What I'm saying here is that the Gros Michael banana is a human-bred, intelligently-designed fruit that went extinct specifically because it couldn't take advantage of the benefits of evolution.

The Cavendish banana, the specific cultivar that Ray Comfort displays to the viewer, was selected to replace the Gros Michael because it was second-best. Almost as sweet, it has a thinner peel that bruises more easily and requires greater care in shipping. And due to either gross incompetence or wishful thinking, the assumption that it might be more resistant to Panama Disease turned out to be false, and there are indications that it might be in danger of going extinct as well.

God did not make all fruits easy to eat

The main push of Ray Comfort's banana hypothesis is that if a fruit is convenient for us to eat, God must have made it that way because he wants us to eat it. Therefore, the fruits that God wants us to eat would all be convenient for us to eat. Even if we ignore the fact that evolution made fruits convenient for animals (sometimes specific animals) to eat, because plants spread their seeds by encouraging animals to eat their fruit, we must face the fact that many fruits are decidedly inconvenient to eat. Granted, it would be very easy to simply say that God obviously doesn't want us eating those fruits or He would have.

But such a knee-jerk argument has an unavoidable flaw. While the banana was unknown to the writers of the Bible, being a native plant of Southeast Asia, and therefore never mentioned, we simply can't ignore the fact that the pomegranate is. The pomegranate is mentioned multiple times, and frequently described as a part of elaborate decorations on important buildings. It's even one of the seven foods that God specifically calls good in Deuteronomy 8:8. Clearly if God wants us to eat any fruit, it's the pomegranate.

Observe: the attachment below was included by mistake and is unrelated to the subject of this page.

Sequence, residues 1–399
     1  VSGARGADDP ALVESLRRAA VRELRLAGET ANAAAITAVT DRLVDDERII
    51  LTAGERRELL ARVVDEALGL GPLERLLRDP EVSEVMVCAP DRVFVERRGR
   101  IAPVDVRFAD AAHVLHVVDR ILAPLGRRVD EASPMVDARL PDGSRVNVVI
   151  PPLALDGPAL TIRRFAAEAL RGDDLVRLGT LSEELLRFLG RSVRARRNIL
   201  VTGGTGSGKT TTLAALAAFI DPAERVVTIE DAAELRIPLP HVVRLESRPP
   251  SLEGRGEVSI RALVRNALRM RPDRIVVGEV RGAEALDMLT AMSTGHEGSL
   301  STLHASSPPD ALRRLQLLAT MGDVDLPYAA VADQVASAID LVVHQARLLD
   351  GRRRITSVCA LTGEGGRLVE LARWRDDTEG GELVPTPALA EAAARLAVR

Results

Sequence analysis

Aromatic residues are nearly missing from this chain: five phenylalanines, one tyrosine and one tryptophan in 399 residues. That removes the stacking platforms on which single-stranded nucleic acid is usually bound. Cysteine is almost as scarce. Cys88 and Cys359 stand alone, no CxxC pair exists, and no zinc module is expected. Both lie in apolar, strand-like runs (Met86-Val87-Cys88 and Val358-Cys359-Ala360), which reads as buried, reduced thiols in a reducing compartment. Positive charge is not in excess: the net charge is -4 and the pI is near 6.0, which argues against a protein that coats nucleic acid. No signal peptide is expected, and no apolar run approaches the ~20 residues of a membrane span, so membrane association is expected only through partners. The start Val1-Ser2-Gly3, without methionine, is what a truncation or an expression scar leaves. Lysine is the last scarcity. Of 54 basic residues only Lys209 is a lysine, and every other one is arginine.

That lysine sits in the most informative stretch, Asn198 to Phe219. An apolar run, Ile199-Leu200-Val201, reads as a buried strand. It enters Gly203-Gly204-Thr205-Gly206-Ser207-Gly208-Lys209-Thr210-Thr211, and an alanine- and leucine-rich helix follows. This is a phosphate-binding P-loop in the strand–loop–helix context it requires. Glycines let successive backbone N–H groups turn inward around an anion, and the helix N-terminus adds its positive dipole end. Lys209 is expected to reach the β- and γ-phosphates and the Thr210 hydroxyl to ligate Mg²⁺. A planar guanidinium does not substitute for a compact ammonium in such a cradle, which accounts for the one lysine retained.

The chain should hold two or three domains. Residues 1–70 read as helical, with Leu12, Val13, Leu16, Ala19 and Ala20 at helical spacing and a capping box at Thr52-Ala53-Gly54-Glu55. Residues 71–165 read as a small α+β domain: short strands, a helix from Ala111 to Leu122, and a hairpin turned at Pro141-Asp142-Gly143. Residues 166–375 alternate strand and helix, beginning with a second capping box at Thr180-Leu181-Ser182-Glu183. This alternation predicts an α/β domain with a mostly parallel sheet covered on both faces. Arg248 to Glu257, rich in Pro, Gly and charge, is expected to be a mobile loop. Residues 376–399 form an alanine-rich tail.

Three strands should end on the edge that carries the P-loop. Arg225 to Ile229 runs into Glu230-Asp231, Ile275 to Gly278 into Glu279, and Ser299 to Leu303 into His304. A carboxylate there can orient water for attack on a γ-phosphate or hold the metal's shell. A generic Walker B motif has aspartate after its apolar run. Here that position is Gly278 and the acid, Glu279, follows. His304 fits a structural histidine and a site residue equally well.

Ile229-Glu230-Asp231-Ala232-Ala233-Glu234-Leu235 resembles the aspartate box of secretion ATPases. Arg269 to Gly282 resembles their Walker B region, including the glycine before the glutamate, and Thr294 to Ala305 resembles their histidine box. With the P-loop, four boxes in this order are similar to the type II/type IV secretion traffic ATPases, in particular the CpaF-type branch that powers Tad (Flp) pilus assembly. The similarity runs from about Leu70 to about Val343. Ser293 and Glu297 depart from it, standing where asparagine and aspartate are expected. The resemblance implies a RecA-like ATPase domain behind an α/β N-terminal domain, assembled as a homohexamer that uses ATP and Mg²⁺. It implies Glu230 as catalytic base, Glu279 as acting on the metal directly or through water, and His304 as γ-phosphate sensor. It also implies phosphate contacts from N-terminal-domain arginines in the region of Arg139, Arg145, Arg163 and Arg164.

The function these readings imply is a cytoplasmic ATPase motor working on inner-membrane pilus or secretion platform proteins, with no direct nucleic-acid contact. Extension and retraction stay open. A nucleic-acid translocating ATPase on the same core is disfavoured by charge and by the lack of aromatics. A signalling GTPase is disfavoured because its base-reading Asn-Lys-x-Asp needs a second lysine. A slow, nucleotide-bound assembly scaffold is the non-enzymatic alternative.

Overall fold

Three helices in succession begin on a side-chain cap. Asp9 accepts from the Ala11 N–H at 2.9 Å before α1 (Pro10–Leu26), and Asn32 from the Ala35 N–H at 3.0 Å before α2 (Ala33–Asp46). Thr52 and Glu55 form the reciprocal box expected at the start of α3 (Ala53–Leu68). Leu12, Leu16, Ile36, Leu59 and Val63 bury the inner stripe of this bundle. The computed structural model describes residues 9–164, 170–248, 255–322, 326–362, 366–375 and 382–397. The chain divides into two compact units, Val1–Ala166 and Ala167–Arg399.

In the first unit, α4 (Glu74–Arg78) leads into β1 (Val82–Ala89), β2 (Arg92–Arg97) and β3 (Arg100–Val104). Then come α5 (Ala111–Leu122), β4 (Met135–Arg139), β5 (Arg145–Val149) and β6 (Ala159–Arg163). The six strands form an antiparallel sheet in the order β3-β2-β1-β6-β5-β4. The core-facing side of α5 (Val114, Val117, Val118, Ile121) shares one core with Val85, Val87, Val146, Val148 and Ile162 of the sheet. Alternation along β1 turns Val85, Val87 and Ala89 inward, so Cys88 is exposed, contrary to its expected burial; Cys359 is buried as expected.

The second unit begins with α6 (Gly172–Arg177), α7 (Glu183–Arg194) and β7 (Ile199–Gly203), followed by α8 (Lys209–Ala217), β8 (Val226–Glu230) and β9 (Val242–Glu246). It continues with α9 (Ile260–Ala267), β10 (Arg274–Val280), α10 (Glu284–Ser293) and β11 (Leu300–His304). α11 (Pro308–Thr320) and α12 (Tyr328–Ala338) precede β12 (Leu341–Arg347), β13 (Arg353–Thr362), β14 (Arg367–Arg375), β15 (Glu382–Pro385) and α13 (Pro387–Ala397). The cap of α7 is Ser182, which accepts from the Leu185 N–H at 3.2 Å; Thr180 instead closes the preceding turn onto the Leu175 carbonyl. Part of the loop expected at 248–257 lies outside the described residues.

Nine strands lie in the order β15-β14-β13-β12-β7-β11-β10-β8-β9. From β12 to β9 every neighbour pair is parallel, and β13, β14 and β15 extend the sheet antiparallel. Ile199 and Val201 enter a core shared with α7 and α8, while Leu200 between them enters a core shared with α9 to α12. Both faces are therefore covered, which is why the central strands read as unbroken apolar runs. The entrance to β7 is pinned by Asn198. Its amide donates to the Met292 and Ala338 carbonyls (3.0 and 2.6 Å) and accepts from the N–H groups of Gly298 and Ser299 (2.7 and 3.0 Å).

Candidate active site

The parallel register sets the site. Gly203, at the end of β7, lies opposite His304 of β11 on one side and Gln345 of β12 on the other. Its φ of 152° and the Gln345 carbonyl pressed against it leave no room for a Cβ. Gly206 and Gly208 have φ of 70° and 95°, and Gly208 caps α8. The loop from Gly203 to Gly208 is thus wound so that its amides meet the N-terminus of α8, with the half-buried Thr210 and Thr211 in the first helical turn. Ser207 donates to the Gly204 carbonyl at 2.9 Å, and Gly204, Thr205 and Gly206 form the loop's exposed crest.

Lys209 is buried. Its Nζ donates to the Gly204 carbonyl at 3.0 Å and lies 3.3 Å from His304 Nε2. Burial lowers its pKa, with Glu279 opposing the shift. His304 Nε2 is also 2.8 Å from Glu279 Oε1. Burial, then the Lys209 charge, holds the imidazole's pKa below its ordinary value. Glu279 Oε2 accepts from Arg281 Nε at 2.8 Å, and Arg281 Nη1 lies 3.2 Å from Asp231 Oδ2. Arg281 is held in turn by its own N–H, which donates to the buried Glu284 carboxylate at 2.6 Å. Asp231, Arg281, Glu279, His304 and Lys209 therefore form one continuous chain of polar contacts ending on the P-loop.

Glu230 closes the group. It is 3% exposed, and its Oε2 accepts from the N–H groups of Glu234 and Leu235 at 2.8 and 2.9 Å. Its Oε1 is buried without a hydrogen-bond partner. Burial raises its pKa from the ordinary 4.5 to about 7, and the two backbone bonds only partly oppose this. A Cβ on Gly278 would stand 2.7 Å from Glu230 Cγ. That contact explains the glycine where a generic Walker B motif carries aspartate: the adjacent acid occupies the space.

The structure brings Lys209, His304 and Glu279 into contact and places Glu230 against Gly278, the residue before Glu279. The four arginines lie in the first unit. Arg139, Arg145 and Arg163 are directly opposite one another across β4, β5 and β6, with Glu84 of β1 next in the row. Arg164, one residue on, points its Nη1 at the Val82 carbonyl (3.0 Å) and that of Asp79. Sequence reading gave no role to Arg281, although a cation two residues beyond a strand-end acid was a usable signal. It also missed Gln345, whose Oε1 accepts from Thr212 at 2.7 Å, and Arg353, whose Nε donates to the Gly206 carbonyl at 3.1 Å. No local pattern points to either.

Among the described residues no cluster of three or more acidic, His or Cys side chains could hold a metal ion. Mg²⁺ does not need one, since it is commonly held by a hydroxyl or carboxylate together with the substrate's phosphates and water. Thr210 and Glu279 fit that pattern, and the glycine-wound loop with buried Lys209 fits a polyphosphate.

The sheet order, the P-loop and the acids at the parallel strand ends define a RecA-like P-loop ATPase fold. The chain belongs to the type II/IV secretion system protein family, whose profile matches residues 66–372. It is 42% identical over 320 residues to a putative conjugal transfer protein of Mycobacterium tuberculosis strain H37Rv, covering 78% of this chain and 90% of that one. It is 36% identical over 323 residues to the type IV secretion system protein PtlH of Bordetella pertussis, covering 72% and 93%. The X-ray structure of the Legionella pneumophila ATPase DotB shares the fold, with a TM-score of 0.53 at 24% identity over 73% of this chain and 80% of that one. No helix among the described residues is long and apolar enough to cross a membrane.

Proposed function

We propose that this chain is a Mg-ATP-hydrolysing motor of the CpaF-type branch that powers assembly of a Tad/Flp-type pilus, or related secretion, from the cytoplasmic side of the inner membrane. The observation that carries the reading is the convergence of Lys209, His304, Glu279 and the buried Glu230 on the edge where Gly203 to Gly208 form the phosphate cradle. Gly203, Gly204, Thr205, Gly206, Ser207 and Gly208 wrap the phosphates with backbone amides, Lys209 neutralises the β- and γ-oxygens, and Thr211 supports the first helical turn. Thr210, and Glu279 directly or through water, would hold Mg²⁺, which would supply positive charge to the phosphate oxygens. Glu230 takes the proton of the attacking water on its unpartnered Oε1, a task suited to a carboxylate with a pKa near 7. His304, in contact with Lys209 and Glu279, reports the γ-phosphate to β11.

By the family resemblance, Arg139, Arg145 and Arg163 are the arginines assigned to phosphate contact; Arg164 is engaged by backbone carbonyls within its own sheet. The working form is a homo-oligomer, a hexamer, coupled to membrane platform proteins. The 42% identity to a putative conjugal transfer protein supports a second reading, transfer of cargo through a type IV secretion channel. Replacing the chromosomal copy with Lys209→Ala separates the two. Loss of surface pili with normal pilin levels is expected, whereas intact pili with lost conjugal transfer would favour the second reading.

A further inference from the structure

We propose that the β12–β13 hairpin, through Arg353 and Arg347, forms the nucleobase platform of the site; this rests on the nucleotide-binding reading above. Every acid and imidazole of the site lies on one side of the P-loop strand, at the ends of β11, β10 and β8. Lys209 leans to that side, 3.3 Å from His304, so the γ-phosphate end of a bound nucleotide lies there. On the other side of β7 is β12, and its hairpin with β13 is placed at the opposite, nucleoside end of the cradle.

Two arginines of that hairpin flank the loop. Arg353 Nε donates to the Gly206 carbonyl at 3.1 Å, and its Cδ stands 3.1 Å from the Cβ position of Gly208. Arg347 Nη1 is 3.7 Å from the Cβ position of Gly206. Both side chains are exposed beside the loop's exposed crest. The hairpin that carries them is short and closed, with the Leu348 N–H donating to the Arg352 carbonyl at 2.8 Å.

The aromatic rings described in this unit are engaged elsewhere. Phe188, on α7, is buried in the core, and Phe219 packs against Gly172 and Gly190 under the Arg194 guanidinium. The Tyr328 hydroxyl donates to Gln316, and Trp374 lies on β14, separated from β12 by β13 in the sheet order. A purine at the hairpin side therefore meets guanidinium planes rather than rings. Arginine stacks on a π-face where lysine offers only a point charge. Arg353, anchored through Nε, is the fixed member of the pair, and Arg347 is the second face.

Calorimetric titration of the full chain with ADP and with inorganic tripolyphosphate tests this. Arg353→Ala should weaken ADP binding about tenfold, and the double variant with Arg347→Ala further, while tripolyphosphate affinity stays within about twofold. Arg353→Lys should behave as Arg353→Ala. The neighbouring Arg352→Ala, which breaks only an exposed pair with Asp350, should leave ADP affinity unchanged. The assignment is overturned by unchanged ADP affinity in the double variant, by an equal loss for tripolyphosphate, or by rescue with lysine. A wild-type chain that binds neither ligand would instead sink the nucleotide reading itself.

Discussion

Then why is the pomegranate so hard to open? According to the footnotes in my Catholic Bible (which is the best Bible), the pomegranate was used so extensively as decoration because it is a symbol of hospitality. Well, clearly, any host who would go through the trouble of digging out all those finicky little arils is dedicated to your comfort and enjoyment. This is in stark and direct contrast to several of Ray Comfort's points; specifically that the banana is easy to peel, easy to eat, and doesn't squirt its juice at you when you open it. Why he made that last point specifically I will probably never know, but I can't seem to open a pomegranate without it squirting its infamously staining juice at me at least once. If the banana is the atheist's nightmare, the pomegranate is the fundamentalist's.

Every time I slice a pomegranate open and begin the laborious process of separating the sweet, tangy arils from the bitter pith, I can't help but chuckle at the idea that God might have done this on purpose to annoy me.

drownzsurf tells me that pseudoscientist Erich von Däniken made a similar banana error in The Gold of the Gods, in which he writes:
How did this plant [the banana], which is so vital for the nourishment of mankind, originate? How did it make its way round the world, seeing that it has no seeds? Did the "Manu," [alien astronauts] of whom the Indian saga tells, bring it with them from another star — as an all-round foodstuff?